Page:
The main objective of the report was to provide an analysis of the situation of Female Genital Mutilation in EU Member States, particularly concerning prevalence data, policy and legal framework, and actors dealing with FGM and their approaches. Some Member States see an increase in this form of gender-based violence due to migration of people from countries where FGM is practiced. This EIGE study summarised the gaps in data collection on FGM across Europe and collected methods, tools and good practices to support the development of strategies to combat FGM in the EU.
- The report presents the legal and policy framework of the UN, the Council of the European Union, the European Parliament, and the European Commission concerning FGM.
- Across EU Member States there has been a trend to recognise FGM as a criminal act. In all EU member States legal provisions dealing with bodily injury, mutilation, and removal of organs or body tissue are applicable to the practice of FGM and may be used for criminal prosecution. In some countries a specific criminal law has been introduced to address FGM.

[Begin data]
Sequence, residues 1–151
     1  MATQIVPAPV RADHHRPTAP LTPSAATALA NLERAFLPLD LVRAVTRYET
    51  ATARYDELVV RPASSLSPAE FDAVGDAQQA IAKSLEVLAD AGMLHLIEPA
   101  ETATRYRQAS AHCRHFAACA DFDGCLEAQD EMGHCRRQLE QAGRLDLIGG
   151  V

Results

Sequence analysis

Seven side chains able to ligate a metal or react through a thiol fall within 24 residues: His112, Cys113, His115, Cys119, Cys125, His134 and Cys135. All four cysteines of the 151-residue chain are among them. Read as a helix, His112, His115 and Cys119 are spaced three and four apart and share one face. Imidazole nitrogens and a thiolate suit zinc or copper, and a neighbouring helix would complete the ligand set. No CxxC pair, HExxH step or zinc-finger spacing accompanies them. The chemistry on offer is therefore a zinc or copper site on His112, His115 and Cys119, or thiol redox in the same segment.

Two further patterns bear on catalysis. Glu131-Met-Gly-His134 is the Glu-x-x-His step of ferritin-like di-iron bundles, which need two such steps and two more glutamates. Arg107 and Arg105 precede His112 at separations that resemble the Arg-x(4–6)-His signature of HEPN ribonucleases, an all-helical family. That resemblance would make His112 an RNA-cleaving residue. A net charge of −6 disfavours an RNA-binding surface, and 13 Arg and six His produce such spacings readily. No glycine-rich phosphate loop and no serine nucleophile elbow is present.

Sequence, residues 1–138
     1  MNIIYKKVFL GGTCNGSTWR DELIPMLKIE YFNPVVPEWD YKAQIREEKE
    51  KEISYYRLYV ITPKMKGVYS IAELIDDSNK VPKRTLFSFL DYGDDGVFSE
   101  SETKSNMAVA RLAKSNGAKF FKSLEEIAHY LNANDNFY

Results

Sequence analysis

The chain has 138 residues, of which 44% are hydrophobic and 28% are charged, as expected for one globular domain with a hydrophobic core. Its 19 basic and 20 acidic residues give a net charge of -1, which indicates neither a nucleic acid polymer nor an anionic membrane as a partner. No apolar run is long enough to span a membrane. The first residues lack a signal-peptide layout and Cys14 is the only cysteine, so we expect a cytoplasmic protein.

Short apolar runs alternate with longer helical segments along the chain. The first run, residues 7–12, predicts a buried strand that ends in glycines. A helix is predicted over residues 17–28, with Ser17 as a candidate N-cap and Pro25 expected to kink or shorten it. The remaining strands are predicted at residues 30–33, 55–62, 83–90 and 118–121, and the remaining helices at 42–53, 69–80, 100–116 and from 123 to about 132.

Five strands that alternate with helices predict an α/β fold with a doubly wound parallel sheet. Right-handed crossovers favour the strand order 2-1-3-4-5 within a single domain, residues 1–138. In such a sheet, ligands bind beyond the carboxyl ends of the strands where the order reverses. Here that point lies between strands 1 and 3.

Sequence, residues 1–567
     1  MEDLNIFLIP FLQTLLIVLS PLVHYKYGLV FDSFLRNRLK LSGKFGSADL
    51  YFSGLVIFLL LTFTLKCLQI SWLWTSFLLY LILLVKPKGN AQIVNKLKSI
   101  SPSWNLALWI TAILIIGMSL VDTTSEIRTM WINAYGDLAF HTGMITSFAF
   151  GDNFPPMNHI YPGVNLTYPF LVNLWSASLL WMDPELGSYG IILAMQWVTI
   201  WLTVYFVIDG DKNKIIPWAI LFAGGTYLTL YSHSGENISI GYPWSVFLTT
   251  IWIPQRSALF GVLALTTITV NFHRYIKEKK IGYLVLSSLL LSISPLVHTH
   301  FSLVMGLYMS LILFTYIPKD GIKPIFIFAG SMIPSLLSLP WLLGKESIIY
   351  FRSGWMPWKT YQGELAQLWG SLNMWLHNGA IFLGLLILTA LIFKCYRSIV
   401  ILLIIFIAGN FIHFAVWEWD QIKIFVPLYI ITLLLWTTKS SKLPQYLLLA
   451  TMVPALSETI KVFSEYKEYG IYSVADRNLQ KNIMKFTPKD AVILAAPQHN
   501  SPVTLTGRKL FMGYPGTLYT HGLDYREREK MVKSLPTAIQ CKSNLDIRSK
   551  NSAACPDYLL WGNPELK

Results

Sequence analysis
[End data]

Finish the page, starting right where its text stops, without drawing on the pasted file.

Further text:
- In the study, a total of 592 manuals, toolkits, protocols, and awareness-raising campaigns were documented across Member States. The methods and tools dealing with FGM that are most common in the EU-28 are related to prevention. Methods and tools aiming at prosecution and protection are available to a lesser extent.
- Across the EU Member States, the total number of identified actors who were working or had at some point taken action in their country on FGM was 507 at the time of data collection, varying from zero to 68 within individual Member States.
More information and Country fact sheets for EU member states : EIGE website